Talk:Japanese cuisine

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Wiktionary:Requests for deletion - kept[edit]

Kept. See archived discussion of January 2008. 07:10, 4 February 2008 (UTC)

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The following information passed a request for deletion.

This discussion is no longer live and is left here as an archive. Please do not modify this conversation, though feel free to discuss its conclusions.


==Japanese cuisine== As above. --Keene 02:20, 13 January 2008 (UTC)

  • Delete. bd2412 T 02:40, 13 January 2008 (UTC)
    -ed.RuakhTALK 04:24, 13 January 2008 (UTC)
    Restored. -- Visviva 04:31, 22 January 2008 (UTC)
  • Keep per Carl's arguments above. There is enough genuine crud lying around that we don't need to spend time re-hashing arguments over entries that have a plausible case for inclusion. -- Visviva 04:31, 22 January 2008 (UTC)


See also Talk:Japanese food, which was discussed together with this term in 2008. --Dan Polansky 07:32, 16 April 2011 (UTC)

RFD 2011[edit]

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The following information has failed Wiktionary's deletion process.

It should not be re-entered without careful consideration.


Japanese cuisine

survived the worst RFD ever: arguments were "delete, deleted, restored" without any reasons. 3 years later, we may be able to get rid of this total crap. Also Japanese food. --Downunder 14:31, 23 January 2011 (UTC)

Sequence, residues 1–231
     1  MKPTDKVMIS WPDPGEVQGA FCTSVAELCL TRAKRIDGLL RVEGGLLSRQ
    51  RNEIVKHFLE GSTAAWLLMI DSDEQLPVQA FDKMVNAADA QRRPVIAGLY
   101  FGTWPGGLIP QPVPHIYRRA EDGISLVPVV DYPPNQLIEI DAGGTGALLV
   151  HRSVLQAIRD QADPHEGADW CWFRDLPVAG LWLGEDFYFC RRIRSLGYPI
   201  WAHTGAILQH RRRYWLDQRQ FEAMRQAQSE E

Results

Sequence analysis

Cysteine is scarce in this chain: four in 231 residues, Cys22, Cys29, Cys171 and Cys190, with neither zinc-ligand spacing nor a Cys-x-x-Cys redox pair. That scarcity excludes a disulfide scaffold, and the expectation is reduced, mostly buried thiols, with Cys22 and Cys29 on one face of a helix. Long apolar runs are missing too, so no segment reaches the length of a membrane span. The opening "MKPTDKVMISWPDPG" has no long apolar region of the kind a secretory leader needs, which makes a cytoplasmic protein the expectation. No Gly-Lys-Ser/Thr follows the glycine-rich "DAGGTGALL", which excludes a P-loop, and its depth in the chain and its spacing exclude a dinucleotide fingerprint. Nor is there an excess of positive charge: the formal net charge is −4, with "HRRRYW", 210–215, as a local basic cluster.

As much as I hate to say it, Japanese (or British, French, Austrian, whatever) has a specific meaning in this phrase. The word 'Japan' doesn't tell me what sort of food it is. That said, couldn't we just add that meaning to Japanese, assuming it's not already there? Mglovesfun (talk) 14:47, 23 January 2011 (UTC)
OK, so it doesn't tell you what sort of food it is. Why should it? This is a dictionary, Wikipedia deals with describing cuisine. And OK, maybe the type of food eaten in Japanese restaurants in western countries is not the same as Japanese Japanese food, but this is not our business. --Downunder 14:53, 23 January 2011 (UTC)
How could we possibly do the subject justice, except possibly by use of {{only in}}, directing users to our sister project or, better, to a Japanese restaurant? DCDuring TALK 04:39, 24 January 2011 (UTC)
We only have one adjective sense of Japanese. One sense could be "of or relating to a style of cuisine associated with Japan". Ok that's not good wording, but the sense definitely exists. An Indian (Indian-style meal) would be in clear widespread use in the UK, possibly other places too. Mglovesfun (talk) 11:36, 24 January 2011 (UTC)
I have broadened Japanese#Adjective to "Of, relating to, or derived from Japan, its language, or culture." Is that OK?
It isn't just wording, IMHO. I think trying to create separate senses for each individual attribute or set of attributes that might be invoked by using the adjective "Japanese" is such a vain project that it could serve as an exemplar of what seem like terrible approaches to defining. For example, does "Japanese" in "Japanese cuisine" have something to do with rice, or soy, or seaweed, or raw fish, or Zen, or health? How would one write that definition? With respect to carpentry, it would mean "that cuts on the pull stroke"? Is that worth including? Not every dictionary even has Japanese#Adjective. DCDuring TALK 13:02, 24 January 2011 (UTC)